A program that wants to profile its own execution can set a profiling timer and then arrange to record a profiling sample in its signal handler. Because the profiling is being done by the program, not by the kernel, it can be replaced without kernel changes and reboots, by changing the program and recompiling. This allows experimentation and in turn the construction of richer profiles. In particular, it allows gathering more information in each profiling sample.
Profiling with pprof
In pprof, each profiling sample records not just the current program counter but also the program counter for each frame in the current call stack.
Obtaining the current call stack is not always trivial: typically it requires arranging for the code being executed to maintain a certain form (for example, to use a frame pointer in all functions) or arranging for additional metadata to be available during the trace. But modern computers are incredibly fast: even walking the call stack using metadata lookups can be done in well under 100 microseconds, which would correspond to only a 1% slowdown for a 10 millisecond profiling period.
Recording a sampled stack is a little tricky. The signal handler, because it interrupts normal program execution, is limited in what it can do. In particular, the signal handler cannot even allocate memory or acquire locks, so the stored profile cannot grow dynamically.
In pprof, the profile is maintained in a hash table in which each entry records a distinct stack. Specifically, in the Go pprof, each stack hashes to a specific hash value denoting one of 1024 buckets in a hash table, and in that bucket are four entries for stacks with that hash. If the stack being recorded is already present, the existing entry’s count is simply incremented. Otherwise, the stack must replace one of the four entries. If one or more is unused, the decision is easy. If all four entries are in use, pprof evicts the entry with the smallest count. The evicted entry is appended to a fixed-size log with space for 218 entries, and then its space is reused for the stack we want to record. A background goroutine, not running as a signal handler, copies entries out of the log and into the saved profile data. If the goroutine cannot keep up with the rate at which the log is filling, the counts for the entries that are lost are assigned to a special “lost profile’’ function. In practice, most programs spend their time doing the same thing over and over again, so the active work of the program fits in the hash table, the log grows slowly, and the log draining goroutine has no problem keeping up. In C++ pprof, there is no log-draining goroutine. Instead, the signal handler writes the log to an already open file when it fills.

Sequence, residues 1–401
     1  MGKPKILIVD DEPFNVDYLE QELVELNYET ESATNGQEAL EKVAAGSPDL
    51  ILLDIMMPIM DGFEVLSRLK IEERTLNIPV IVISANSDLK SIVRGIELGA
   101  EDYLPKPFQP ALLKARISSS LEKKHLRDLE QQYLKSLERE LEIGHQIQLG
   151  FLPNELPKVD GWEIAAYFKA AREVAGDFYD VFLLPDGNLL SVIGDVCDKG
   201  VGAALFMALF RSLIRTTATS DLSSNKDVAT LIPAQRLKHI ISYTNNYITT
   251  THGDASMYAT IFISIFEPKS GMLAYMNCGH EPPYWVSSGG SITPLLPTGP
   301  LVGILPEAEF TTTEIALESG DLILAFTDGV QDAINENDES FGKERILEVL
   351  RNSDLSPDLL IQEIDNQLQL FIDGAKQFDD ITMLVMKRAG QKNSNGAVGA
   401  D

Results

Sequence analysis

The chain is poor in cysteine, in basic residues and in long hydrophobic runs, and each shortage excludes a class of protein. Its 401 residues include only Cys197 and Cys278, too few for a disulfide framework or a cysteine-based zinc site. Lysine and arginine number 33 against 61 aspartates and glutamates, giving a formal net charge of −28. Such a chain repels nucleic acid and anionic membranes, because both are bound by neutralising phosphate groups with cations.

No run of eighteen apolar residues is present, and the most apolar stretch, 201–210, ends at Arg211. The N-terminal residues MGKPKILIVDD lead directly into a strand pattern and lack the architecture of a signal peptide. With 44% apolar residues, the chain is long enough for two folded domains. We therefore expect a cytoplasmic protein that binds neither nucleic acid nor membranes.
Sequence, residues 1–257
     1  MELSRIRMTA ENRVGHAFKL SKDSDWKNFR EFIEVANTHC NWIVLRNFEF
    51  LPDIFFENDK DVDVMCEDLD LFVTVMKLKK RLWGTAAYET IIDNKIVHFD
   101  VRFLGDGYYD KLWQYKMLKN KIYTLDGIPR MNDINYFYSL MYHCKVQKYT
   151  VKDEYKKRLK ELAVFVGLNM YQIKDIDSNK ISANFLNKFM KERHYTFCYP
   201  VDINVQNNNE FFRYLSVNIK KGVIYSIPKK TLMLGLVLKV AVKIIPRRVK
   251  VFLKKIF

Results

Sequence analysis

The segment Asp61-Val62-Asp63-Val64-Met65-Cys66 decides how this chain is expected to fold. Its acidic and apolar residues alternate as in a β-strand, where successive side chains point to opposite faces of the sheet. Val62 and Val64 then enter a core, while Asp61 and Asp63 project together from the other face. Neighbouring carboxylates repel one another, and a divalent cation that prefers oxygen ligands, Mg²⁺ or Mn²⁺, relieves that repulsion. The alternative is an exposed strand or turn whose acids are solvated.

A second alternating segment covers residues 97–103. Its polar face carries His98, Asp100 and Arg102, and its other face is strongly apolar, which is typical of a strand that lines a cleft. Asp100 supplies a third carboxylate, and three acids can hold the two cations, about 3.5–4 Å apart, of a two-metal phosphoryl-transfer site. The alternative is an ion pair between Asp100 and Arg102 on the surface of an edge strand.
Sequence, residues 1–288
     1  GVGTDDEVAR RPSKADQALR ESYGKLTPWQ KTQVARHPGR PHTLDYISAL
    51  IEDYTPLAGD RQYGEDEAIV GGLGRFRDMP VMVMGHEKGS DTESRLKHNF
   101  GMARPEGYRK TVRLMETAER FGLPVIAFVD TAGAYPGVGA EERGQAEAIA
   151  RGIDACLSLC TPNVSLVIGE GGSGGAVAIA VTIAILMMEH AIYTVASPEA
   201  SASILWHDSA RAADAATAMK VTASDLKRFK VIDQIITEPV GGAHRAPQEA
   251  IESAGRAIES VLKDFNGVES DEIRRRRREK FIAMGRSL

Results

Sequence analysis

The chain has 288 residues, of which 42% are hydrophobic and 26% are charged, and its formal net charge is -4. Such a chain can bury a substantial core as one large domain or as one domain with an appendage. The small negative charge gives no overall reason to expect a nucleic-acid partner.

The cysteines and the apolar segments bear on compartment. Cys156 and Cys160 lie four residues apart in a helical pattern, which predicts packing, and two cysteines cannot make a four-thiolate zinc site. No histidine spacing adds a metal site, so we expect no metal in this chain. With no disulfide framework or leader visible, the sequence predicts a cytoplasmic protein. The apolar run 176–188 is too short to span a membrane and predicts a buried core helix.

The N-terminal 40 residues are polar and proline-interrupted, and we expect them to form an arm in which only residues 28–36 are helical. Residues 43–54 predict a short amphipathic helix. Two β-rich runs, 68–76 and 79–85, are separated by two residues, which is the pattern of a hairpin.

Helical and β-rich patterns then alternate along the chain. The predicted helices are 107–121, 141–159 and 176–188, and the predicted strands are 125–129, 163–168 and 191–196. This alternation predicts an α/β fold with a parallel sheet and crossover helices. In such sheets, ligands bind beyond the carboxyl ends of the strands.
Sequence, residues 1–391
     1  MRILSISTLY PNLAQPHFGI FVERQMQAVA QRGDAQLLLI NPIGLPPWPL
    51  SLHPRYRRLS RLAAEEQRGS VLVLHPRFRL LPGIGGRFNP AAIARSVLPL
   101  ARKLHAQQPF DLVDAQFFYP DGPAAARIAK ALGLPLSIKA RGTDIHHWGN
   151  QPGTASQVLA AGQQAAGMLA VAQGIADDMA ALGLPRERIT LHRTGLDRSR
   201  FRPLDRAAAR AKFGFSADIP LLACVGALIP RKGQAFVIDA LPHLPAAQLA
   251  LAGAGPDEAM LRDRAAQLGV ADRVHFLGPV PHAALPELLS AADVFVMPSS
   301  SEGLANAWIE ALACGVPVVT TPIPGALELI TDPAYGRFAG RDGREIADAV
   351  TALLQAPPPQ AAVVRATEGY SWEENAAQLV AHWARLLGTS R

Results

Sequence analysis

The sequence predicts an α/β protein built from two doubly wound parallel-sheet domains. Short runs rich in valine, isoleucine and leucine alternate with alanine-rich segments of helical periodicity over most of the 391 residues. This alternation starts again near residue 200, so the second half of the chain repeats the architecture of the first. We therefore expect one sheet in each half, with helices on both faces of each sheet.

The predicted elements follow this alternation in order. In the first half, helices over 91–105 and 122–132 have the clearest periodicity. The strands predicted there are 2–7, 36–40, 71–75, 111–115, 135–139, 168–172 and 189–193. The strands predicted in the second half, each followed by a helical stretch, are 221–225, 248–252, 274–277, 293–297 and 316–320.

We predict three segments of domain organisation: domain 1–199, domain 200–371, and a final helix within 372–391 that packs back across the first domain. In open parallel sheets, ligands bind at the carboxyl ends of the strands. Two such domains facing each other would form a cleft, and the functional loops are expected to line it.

Interpreting the data
A pprof profile, then, is a set of stack traces with each mapped
to the count of the number of times that trace was seen.
The usual way this profile is presented is to create a graph
in which each function is a node and an edge between nodes denotes a call.
Each function node has two counts: first the sum of the counts of all the profiles
in which it was the final entry and second the sum of the counts of all the profiles
in which it appeared.
These correspond to time executing that function and cumulative time
executing that function and the things it called.
The edges are given counts corresponding to the number of samples
in which that call was observed somewhere on the stack.
Sizing the nodes and edges based on their counts makes the expensive parts
of the program stand out.
This example should view nicely in most web browsers;
use the scroll wheel to zoom and click and drag to pan.
In that profile, it is apparent that
hash_lookup called from
is taking the most time, and we can use the call context to see that
about 40% of the calls are from code in
main.FindLoops while 60% of
the calls are from code in
Of course, there is also a command-line interface, tabular results, and annotated source code. See the Profiling Go Programs post.
Timer-based profiling is very old. On Unix, the heritage dates back at least to the Seventh Edition. The Seventh Edition Unix manual contains documentation for prof(1), profil(2), and monitor(3), and you can even read the source for monitor. However, pprof is the first profiler I’ve seen that records and presents stack traces well. If you’d like to read more about pprof, it is part of the C++ gperftools open source project and has good documentation. The Go implementation of the CPU profile collection is in runtime/cpuprof.c.
It is of course also possible to collect profiles without timers, such as by rewriting the program code. In general the overhead of these tends to be larger than timer-based sampling, and it can skew the results so that what looks expensive with profiling enabled is not expensive normally.
Modern CPUs have introduced all kinds of other profiling timers, based on instructions executed, cache misses, and so on. These are very powerful, but so far the interfaces to them are operating system-specific. One nice thing about pprof is that, because it’s using an old, widely supported Unix feature, it’s fairly portable. I can use a single tool on FreeBSD, Linux, and OS X.
Setitimer(2) was introduced by 4.2BSD; that indirection makes excellent tools like pprof possible. Of course, it has to work correctly. In my next post I’ll look at one system where it doesn’t.